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A founding member of the Institute for Domestic Research, and former member of the Kootenay School of Writing collective, Catriona Strang is the author of Low Fancy and co-author with the late Nancy Shaw of Busted, Cold Trip, and Light Sweet Crude. Her collection of poetic responses to Proust, Corked, was published in 2014. She frequently collaborates with composer Jacqueline Leggatt and clarinetist François Houle. She lives in Vancouver, where she and her two kids are active in the local home learning community.
February 2018 : Poetry on the mountain this Thursday
November 2017 : Here’s to fifty more years of Talonbooks!
October 2017 : New poetry in the house!
August 2017 : Talon poets in Contemporary Verse 2: Convergence
May 2014 : Meta-Talon: Launched and Loving It
April 2014 : Tonight! Spring Poetry Launch in Vancouver
April 2014 : Tonight! Spring Poetry Launch in Calgary
April 2014 : Three New Arrivals!
April 2014 : It’s Poetry Month!
January 2014 : Browse Our Spring 2014 Catalogue!
QUOTES OF NOTEReveries of a Solitary Biker
“The poems in Strang’s Reveries move through meditation, and the sections appear to be structured as much around rhythm as content … Part of what appeals about her structure is in understanding, even from her perspective, how seemingly arbitrary the order of the poems actually is, opening up to the possibility of performing or reading in an entirely different sequence …”
QUOTES OF NOTECorked
“In Catriona Strang’s poetry, the domestic sphere is comfortably private (spherically shaped) only because a globalized technological continuum of warfare and manufacture makes it so. Corked multiplies such contradictions. First-person pronouns are plural to their rhetorical core. Memory’s a possession to be rid of. Captain Picard, you and your Château Picard are put on notice: To explore the continuum, Corked turns domestic space into a foreign planetary body, and language into a Curiosity rover. Corked touches down through vast internal distances to find a spring of our condition – as seen from here, ‘the Strang terrain’ – in Marcel Proust. The super-fine instrumentation of these poems sends back big data on the intonational and rhythmical contours of intimacy undertaking to live in a continuous (relentless) present tense. Live it.”
– Louis Cabri
"One may be compelled by ‘Corked ‘ toward non-meanings, but not toward whatever-meanings. Meaning in this work results from an accumulation: of repititions, of contradictions, contraints, and intrusions, as in Proust. But there is no ambiguity."
– Capilano Review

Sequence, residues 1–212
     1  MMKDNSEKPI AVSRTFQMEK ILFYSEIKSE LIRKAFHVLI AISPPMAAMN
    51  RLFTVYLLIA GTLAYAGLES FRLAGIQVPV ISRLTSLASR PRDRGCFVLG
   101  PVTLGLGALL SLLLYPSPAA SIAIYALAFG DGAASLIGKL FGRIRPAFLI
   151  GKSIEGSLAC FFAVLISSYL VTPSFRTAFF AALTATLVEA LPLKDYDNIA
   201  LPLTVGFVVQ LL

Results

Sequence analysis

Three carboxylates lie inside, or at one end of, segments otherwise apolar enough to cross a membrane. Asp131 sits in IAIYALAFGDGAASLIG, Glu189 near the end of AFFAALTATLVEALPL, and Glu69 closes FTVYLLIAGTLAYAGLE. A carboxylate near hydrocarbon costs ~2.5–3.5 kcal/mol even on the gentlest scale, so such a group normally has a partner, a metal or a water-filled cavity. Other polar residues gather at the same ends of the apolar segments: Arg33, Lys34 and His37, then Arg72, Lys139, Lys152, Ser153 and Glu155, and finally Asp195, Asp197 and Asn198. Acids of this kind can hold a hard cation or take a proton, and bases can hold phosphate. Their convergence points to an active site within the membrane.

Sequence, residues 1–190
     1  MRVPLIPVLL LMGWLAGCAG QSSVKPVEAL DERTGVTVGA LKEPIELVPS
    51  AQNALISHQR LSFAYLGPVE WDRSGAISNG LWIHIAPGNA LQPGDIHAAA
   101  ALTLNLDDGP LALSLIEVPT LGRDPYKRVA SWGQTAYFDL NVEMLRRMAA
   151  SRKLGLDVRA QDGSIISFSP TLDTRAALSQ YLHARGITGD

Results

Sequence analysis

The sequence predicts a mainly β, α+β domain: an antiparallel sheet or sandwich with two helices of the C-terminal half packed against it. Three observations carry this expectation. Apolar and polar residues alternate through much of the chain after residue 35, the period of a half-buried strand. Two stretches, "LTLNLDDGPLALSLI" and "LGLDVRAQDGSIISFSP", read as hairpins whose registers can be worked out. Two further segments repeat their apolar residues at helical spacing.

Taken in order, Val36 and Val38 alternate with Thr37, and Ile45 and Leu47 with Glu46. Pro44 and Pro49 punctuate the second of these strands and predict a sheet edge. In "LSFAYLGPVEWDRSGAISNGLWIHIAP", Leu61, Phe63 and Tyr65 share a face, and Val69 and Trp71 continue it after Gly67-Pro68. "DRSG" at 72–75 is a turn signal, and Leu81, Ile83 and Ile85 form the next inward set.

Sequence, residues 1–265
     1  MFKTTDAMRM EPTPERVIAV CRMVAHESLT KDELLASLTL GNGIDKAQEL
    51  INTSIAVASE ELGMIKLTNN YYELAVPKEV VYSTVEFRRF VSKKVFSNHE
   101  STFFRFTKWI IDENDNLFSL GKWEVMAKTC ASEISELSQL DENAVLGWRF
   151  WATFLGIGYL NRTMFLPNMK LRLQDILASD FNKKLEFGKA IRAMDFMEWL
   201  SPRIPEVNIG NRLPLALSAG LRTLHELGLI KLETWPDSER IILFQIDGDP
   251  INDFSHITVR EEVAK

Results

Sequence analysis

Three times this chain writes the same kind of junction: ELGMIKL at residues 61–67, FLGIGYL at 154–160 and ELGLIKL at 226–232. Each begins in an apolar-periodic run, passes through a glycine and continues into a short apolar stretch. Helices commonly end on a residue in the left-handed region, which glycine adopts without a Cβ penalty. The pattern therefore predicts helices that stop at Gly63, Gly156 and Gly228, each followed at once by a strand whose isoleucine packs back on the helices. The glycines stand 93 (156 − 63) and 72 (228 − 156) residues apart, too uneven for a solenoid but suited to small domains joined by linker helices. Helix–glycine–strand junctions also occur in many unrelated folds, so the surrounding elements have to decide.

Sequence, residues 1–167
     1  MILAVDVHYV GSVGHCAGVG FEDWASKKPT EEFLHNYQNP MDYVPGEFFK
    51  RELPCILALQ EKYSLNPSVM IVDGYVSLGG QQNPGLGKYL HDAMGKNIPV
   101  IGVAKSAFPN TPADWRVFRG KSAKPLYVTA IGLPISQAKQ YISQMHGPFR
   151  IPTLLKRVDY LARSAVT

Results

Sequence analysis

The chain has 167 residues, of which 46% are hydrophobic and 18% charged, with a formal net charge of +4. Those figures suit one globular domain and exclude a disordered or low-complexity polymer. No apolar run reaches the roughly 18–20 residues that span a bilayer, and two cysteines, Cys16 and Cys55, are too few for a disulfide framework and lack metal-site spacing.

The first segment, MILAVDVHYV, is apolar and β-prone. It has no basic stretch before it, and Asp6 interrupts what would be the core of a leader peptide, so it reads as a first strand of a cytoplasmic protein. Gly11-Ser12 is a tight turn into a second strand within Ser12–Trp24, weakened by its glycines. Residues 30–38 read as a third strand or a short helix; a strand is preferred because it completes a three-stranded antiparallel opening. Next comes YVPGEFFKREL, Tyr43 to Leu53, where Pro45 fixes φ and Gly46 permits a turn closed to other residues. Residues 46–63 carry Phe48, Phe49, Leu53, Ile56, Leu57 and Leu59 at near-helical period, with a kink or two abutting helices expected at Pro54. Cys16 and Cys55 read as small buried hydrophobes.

"The title piece, by contrast, juxtaposes letters to Marcel Proust with “tempered fragments”—individual poems with jags and glitches that represent “shaky transitory moments external to capital’s seemingly omnipotent pulse.” While these poems inevitably engage the Proustian theme of memory’s precariousness, they work hardest to advocate for the “unprofitable” and “unproductive” work of domestic life—the “weight women carry daily.”– Canadian Literature
“In Corked, Catriona Strang has written a miraculous book that is a poetic, political and affective constellation that recalibrates how a poem might work today as a representation of a moment that is both precarious and self-assured, contradictory and confident. Yet, along with its consideration of this ‘immobilized’ present, there is a compelling historical depth to this book built through an address to Marcel Proust. Strang uses the engagement with Proust as a ‘coincidental hook’ to make a powerful poetic report on ‘the current situation’ by looping it through other historical contexts. Strang lays out, carefully weighed syllable by radiant word, a terrain in which gendered and unpaid labour, resource extraction, off-shoring, and the calculation of value are counted and countered with recurrent struggles. From her early work, TEM and Low Fancy, through her collaboration with the late Nancy Shaw, with Corked Strang solidifies a unique position in Canadian poetry.”
– Jeff Derksen
QUOTES OF NOTEThe Gorge
“Part of what becomes immediately clear about going through the work in this volume is how fresh the pieces remain, presenting both a critical eye and a lively sense of language, meaning and sound, still able to remind one just what might be possible in writing. Even for those of us who might already have copies of all her trade collections, such a selected, especially with previously unpublished and uncollected works included, allows for such a wonderful opportunity to revisit the work of an author one might not have looked through in some time; and, too, to mourn such a significant loss.”
—rob mclennan’s blog
We gratefully acknowledge the financial support of the Canada Council for the Arts; the Government of Canada through the Canada Book Fund (CBF); and the Province of British Columbia through the British Columbia Arts Council for our publishing activities.